Boundaries - Do you know yours?

Following on from Alex’s recent blog on Consent Matters and the conversation that is ongoing in the public domain, a really important aspect of personal safety is boundaries.

What are boundaries?

“Personal boundaries are guidelines, rules or limits that a person creates to identify reasonable, safe and permissible ways for other people to behave towards them and how they will respond when someone passes those limits.”

Knowing your boundaries?

From the thousands of secondary school students that we have spoken to over the last number of years an average of 80-85%, both male and female, have no understanding of what boundaries are and therefore are not aware of their own personal boundaries and the importance of them.


Why have boundaries?

Boundaries give a person space, the opportunity to think and make good choices. Boundaries allow people to be assertive in their choices, made with confidence. This is an invaluable life skill. Boundaries engender respect. Respect for oneself and for those we meet.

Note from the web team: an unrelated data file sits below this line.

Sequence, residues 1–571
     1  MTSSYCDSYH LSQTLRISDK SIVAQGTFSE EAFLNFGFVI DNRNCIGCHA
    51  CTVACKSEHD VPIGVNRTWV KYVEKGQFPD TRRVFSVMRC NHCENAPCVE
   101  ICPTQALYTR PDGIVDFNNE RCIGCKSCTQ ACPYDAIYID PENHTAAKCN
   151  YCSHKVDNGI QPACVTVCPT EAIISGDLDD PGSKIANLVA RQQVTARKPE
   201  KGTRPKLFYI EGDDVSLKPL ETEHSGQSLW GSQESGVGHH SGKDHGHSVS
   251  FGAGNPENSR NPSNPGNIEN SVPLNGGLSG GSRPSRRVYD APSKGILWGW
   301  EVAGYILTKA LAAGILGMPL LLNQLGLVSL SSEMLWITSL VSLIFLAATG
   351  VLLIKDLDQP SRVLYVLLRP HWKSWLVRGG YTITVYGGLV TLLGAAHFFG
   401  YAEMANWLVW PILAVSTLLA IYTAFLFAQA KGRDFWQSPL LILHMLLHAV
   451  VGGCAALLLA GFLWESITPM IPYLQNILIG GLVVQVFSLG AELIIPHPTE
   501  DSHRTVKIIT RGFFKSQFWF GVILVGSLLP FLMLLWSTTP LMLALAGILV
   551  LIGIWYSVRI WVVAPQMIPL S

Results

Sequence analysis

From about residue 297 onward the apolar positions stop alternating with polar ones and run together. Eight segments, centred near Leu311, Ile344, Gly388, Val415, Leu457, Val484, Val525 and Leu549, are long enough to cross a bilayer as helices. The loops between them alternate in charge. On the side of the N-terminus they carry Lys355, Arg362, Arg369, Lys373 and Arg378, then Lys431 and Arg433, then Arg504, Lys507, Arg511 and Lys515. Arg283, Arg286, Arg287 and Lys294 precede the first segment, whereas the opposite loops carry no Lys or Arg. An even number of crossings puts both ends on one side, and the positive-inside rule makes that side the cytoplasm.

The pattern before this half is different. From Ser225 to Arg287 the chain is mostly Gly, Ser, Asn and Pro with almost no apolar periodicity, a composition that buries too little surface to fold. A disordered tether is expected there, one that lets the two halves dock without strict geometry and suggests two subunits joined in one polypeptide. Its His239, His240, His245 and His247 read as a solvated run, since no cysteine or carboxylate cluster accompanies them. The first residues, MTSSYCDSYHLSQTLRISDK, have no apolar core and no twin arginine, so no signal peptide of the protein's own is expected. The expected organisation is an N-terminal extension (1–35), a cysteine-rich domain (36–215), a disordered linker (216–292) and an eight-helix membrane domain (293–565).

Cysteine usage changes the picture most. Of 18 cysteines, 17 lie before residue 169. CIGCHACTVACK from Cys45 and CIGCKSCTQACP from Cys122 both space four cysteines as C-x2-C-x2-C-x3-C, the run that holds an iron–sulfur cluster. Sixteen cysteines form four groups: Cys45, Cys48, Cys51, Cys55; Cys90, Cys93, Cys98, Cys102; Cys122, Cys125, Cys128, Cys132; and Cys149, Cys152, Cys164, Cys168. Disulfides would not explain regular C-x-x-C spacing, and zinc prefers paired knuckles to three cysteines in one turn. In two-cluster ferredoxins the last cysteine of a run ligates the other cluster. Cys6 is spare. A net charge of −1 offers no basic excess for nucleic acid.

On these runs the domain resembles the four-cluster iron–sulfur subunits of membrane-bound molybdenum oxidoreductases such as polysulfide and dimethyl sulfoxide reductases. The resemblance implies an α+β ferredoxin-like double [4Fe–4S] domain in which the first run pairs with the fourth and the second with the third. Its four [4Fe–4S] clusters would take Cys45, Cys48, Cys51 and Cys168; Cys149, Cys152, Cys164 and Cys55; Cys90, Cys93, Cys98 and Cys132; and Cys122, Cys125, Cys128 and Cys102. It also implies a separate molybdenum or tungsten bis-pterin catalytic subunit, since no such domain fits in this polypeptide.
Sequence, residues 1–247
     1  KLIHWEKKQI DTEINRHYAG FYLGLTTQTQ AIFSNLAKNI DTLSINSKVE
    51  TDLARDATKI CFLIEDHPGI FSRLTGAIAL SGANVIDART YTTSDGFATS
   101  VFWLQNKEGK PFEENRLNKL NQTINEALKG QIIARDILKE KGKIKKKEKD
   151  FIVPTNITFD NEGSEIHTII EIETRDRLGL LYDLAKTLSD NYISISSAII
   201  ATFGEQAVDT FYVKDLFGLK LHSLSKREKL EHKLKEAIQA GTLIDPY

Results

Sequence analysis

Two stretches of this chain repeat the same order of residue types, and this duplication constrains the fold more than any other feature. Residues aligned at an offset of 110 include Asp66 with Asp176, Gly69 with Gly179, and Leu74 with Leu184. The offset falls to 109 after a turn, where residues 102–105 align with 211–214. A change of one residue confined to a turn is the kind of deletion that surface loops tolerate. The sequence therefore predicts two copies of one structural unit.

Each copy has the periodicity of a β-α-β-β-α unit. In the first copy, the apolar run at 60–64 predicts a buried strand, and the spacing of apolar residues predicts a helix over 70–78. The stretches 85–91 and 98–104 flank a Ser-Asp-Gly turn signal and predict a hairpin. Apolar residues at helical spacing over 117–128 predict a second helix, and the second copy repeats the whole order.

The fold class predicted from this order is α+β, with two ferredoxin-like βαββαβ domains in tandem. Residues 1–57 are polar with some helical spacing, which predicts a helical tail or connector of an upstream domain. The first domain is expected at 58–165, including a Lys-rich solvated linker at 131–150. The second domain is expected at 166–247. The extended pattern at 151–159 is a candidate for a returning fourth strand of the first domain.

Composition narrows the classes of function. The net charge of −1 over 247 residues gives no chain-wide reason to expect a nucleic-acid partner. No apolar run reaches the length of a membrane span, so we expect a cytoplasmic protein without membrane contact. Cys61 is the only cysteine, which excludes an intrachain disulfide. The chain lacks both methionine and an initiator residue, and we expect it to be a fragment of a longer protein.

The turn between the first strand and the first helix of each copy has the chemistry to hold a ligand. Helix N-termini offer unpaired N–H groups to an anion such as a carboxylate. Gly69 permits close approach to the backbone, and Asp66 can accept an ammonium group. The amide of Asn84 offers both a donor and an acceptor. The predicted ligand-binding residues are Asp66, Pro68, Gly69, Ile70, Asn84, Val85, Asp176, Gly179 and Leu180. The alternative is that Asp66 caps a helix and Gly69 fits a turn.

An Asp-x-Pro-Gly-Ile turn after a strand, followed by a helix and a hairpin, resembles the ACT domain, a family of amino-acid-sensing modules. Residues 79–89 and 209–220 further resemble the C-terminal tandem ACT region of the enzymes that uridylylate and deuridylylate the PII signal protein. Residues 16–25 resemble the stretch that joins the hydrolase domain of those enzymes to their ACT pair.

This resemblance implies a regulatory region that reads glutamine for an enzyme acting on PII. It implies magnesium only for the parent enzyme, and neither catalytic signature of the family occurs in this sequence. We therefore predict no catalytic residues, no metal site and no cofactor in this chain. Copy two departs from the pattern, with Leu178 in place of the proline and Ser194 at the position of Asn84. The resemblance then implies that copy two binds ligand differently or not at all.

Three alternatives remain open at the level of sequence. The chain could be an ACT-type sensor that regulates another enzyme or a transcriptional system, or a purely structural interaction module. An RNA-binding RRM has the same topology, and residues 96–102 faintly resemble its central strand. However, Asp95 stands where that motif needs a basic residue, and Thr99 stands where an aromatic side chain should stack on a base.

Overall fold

Learning and setting boundaries from an early age is so beneficial as a young persons moves forward on their life path towards and into adulthood.

Boundaries are of course a two way street. No one has the right to overstep another person’s boundaries. Knowing and putting in place your own boundaries, clearly identifying them is the first step. Then if someone does overstep the mark, letting them in know a very clear way is really important.

How to know your boundaries?

Everyone’s personal and emotional boundaries are different. What works for one person may not work for another.

Everyone has their own personal space, which they identify with. This can sometimes mean that when a person is feeling uncomfortable, awkward or vulnerable their personal space is being challenged. The boundaries have been crossed.

Your own personal boundaries are important to you as it develops your confidence, self esteem and can determine how other people are around you.

In conclusion, it is important that we all think about our boundaries, and the impact of not having boundaries. We are safer and more confident people when we know and set our own boundaries.

Alex Walsh

Alex Walsh

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